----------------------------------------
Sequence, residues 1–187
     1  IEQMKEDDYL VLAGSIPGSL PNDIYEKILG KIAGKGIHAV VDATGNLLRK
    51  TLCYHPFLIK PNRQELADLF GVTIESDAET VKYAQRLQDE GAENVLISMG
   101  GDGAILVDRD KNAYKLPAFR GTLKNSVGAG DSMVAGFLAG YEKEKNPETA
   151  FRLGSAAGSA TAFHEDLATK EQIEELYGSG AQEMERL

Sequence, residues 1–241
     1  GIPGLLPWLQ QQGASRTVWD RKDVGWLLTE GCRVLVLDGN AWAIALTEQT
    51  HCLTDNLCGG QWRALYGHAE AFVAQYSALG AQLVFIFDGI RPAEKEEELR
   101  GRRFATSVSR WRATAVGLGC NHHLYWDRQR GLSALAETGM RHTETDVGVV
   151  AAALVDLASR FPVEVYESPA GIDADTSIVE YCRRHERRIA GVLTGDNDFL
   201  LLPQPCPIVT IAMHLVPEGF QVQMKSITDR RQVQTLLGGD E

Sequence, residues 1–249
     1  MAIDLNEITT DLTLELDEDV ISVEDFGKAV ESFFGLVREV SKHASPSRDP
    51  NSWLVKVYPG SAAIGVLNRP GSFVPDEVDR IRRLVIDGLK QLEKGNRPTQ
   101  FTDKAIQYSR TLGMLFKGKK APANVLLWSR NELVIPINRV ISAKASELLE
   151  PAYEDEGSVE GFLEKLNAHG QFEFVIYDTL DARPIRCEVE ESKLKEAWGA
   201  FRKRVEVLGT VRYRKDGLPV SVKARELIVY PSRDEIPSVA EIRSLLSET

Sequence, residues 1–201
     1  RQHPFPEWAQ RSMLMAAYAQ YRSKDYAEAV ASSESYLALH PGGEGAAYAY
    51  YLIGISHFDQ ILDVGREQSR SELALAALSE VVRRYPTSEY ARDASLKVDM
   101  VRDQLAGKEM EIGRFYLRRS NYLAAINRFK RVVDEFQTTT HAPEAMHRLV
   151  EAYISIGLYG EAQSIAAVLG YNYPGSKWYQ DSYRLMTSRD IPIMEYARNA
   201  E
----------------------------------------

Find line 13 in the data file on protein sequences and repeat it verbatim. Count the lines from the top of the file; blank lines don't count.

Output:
     1  MAIDLNEITT DLTLELDEDV ISVEDFGKAV ESFFGLVREV SKHASPSRDP